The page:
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Electronics for dummies - McComb G.

McComb G., Boes E. Electronics for dummies - Wiley publishing, 2005. - 433 p.
ISBN: 0-7645-7660-7
Download (direct link): electronicsfordummies2005.pdf
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We focus on the microcontrollers for the hobbyist in this chapter. Here, you can discover what microcontrollers are and what they do. In the section “Getting to Know the BASIC Stamp 2,” near the end of this chapter, we give you two nifty hands-on demonstrations that you can try yourself to get a peek at the power of microcontrollers.
So, How Does It Work?
A microcontroller is an integrated circuit chip, which is usually mounted on a mini-PCB that includes other components in circuits that interface the microcontroller to your computer, motors, or switches. When you’re programming TERM LinG - LIVE, infDrmatlVE, NDn-CD5t and ÁĹĎŰ1ĎĹ !
282 Part V: A Plethora of Projects
a microcontroller, you place it on a development board that allows the microcontroller to interface with your personal computer. Once it’s programmed, you mount the microcontroller into a socket on your electronic device.
Unlike traditional circuits, you don’t need to swap wires around or pull out resistors or capacitors and replace them with some other part to change a microcontroller’s function. Instead, you just alter a couple of lines of programming code. The microcontroller seems to take on a different personality, instantly changing what your project actually does. You can program a single microcontroller to do any of thousands, of different jobs!
Most microcontrollers are designed for use in commercial products, and you may find it a bit difficult to program these little guys. Fortunately, some versions of microcontrollers are specifically for the hobbyist, so you get everything that you need to run the microcontroller on one small circuit board.
You can easily program these hobby-friendly microcontrollers, and they don’t drain your wallet.
What’s Inside a Microcontroller?
Originally, microcontrollers were designed to provide a way for a personal computer to communicate with electronic gadgets in the outside world. We still use them for that purpose, and more.
Here are the parts of a typical microcontroller:
Small computer: This computer sits at the heart of the microcontroller. This built-in computer isn’t as powerful as the one on your desk, but microcontrollers don’t need a ton of horsepower. You expect your desktop computer to do several big jobs at once, such as browsing the Internet, calculating spreadsheets, and fending off viruses. The typical microcontroller does a single job.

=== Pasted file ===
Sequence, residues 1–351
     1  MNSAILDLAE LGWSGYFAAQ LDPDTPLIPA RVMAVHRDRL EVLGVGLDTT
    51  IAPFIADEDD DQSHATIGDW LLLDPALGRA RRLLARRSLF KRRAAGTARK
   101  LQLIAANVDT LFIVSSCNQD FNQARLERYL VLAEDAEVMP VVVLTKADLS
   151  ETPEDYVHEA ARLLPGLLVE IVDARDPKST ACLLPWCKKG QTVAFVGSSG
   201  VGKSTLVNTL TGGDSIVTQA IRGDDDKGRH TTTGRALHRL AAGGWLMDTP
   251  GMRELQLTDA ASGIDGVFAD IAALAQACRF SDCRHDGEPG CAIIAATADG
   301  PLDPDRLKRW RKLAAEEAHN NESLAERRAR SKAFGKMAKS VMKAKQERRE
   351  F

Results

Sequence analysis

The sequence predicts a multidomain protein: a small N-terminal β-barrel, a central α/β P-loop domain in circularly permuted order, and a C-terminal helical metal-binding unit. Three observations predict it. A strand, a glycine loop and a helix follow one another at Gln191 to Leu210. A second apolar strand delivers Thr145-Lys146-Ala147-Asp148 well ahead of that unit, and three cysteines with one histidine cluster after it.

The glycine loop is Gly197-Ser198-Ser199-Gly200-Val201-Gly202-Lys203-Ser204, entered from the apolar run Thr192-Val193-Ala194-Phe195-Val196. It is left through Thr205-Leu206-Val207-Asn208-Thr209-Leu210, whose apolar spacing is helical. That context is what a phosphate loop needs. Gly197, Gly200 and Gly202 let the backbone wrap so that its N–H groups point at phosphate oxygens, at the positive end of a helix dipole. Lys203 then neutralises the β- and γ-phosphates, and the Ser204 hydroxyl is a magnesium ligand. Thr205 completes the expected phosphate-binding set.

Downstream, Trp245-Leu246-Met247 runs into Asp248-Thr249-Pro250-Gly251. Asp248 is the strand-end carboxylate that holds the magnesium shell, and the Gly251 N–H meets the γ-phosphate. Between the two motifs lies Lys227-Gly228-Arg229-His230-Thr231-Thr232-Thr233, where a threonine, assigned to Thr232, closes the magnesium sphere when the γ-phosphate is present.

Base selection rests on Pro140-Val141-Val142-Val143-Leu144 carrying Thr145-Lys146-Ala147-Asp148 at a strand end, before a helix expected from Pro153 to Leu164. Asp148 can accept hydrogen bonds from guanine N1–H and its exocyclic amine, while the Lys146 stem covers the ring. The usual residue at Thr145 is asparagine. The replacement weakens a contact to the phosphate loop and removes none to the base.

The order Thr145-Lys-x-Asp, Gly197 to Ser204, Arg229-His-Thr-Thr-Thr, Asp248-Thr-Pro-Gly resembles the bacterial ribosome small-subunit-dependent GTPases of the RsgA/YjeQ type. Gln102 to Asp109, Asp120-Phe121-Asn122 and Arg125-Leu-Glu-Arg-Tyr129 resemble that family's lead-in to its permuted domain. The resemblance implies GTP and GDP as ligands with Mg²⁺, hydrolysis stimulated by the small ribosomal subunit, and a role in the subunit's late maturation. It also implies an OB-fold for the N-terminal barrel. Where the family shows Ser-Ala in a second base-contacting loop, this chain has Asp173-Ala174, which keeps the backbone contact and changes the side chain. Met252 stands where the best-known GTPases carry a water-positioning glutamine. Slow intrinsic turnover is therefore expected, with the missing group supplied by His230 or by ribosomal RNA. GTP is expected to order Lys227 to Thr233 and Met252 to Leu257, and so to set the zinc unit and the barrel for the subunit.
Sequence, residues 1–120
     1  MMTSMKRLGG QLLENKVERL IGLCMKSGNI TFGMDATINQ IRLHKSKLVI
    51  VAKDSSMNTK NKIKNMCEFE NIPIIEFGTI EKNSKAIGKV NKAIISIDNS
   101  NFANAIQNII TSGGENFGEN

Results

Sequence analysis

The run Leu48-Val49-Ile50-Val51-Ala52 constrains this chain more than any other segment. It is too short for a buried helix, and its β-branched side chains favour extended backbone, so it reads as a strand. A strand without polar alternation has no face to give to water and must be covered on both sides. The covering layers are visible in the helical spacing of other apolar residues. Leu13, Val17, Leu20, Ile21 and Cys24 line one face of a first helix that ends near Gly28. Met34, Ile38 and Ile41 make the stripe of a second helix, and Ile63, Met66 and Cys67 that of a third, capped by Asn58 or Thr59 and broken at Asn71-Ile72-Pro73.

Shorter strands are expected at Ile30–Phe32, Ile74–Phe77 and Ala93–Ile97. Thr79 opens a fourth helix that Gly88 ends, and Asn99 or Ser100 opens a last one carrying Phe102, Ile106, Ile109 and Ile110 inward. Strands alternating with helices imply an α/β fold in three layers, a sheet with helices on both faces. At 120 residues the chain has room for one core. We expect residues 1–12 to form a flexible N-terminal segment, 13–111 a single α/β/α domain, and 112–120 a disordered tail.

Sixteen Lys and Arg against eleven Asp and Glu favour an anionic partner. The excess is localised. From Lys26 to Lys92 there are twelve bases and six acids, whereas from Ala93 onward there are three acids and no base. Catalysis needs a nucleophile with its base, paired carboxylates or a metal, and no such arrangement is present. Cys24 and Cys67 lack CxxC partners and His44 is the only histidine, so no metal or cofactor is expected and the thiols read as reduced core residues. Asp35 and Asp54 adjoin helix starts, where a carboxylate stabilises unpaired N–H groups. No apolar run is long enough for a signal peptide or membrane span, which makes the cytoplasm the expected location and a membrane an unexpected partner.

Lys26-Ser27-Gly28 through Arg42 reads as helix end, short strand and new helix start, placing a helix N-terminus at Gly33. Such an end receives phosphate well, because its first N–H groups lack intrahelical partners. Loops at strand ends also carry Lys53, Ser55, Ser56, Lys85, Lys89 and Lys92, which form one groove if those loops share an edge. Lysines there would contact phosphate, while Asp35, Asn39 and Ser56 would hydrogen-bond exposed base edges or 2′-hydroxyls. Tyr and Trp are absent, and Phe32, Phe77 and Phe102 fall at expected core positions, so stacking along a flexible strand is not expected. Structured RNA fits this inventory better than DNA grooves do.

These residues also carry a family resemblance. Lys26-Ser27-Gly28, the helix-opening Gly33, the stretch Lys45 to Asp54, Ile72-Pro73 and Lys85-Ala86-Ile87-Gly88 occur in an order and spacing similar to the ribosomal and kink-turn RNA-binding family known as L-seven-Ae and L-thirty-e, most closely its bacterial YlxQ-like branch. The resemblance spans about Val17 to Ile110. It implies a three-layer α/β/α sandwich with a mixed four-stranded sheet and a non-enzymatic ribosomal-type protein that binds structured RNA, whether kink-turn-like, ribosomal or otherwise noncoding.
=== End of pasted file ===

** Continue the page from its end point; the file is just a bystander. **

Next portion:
Non-volatile memory: The microcontroller stores the program that runs on its computer in non-volatile memory. This memory sticks around when you turn off the power. The non-volatile memory comes to life the moment that you connect the batteries and flip the switch.
Input/output ports: These connections on a microcontroller allow it to communicate with the real world, running things like lights, motors, relays, sensors, switches, liquid crystal displays, and even other microcontrollers. These input/output ports, also called I/O ports, provide information that allows the chip to control your project. A microcontroller program may light up an LED when you flip a switch or run a motor when a sensor detects someone walking by, for example.
You can see a good example of a microcontroller in action in the brains of the LEGO Mindstorms robot construction set. The yellow brick that you can see term LinG - live, informative, Non-cost and Genuine !
Chapter 13: The Exciting World of Microcontrollers 283
in Figure 13-1 contains a small microcontroller chip that can display messages on a liquid crystal display (LCD), react to switches and other sensors, and run up to three motors at the same time.
As with all microcontrollers, you program the LEGO Mindstorms’ brain by sending it programming instructions. First, you create these instructions on your personal computer, and then you transmit them to the Mindstorms brain by using an infrared link (most microcontrollers that hobbyists work with use a wired link that you connect to your PC’s serial or USB port). After you send instructions to the microcontroller, the instructions reside in non-volatile memory until you replace them with new instructions. LEGO Mindstorms gives you a good example of a microcontroller’s ability to play multiple roles; you just have to modify the software. By changing a few lines of a program, a LEGO Mindstorms robot can do the following:
^ Search for the brightest light in the room, such as a flashlight, and move toward it.
^ Find the brightest light and, instead of approaching it, move away from it.
^ React to bumper switches mounted on its sides so that when the robot hits an obstacle, it backs up and goes the other way.
^ Sense a black line on a piece of white construction paper and follow it.
The LEGO Mindstorms, like the little robot in Figure 13-2, can also follow a combination of several of these functions. This little ‘bot can follow a bright light and back up from obstacles that it bumps into.
construction kit contains
Figure 13-1:
The brain of the LEGO Mindstorms
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